Beginning on 23 December 1944, for five days the weather had favored the Americans, in the air and on the ground. Superior numerically in tanks, the Americans benefited more than the Germans from the sure footing the big freeze provided for armor. Then, on 28 December, came clouds and overcast followed, a day later, by arctic air from Scandinavia, heavy snows, blizzards, and greatly reduced visibility at ground level. Vehicular movement was slow, the riflemen exhausted themselves wading through the drifts, and the wounded-those in a state of shock - died if left in the snow for more than half an hour or more. This was the state of the weather when, on 3 January, the Allies began their final counterattack.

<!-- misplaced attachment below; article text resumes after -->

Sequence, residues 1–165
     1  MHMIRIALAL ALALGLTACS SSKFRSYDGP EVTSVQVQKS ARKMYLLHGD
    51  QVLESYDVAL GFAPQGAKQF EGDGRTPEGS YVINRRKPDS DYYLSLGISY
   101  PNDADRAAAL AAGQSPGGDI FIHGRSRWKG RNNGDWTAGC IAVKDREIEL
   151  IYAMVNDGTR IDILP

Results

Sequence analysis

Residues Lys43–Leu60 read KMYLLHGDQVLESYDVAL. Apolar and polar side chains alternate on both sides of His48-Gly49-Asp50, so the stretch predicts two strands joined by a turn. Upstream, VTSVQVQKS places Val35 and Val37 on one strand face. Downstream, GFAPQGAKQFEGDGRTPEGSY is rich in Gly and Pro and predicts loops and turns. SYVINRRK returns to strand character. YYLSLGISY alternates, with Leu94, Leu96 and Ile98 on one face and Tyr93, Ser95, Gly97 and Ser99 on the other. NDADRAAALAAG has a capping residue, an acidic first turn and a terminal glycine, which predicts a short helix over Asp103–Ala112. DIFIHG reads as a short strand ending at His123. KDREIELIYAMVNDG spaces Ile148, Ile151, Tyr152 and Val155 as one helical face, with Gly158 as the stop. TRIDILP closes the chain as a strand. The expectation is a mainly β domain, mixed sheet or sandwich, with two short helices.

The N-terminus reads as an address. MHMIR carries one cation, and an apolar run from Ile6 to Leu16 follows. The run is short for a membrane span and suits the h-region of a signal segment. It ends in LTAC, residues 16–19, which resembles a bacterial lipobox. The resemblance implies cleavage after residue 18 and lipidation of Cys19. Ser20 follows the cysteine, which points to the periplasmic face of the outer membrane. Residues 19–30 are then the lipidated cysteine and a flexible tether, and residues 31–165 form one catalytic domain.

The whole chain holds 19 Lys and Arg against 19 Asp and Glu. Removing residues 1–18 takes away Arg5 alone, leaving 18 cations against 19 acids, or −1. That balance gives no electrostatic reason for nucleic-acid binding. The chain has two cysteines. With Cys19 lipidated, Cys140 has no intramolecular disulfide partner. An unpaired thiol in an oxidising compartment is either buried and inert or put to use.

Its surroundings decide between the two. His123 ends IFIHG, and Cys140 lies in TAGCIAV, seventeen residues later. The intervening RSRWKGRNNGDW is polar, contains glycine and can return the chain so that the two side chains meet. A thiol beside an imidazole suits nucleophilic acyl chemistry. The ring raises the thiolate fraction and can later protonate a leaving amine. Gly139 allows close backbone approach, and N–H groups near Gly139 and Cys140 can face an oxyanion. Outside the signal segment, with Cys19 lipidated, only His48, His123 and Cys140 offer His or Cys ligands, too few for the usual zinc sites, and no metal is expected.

[CLICK TO ENLARGE]
Greg's location at Aisne, Belgium is marked by Red Dot within the red ellipse
This map was found on the Emerson Kent History for the Relaxed Historian site

Aisne, Belgium, where Greg was set-up, was within the zone of the 84th Infantry Division, as can be seen on the above map. A few veterans remember the 84th action and tell of wounded being taken back to the Battalion Aid Station. Perhaps Greg was treating some like these.

Wounded near Aisne

Sgt Theodore DRAPER of the 84th remembered this: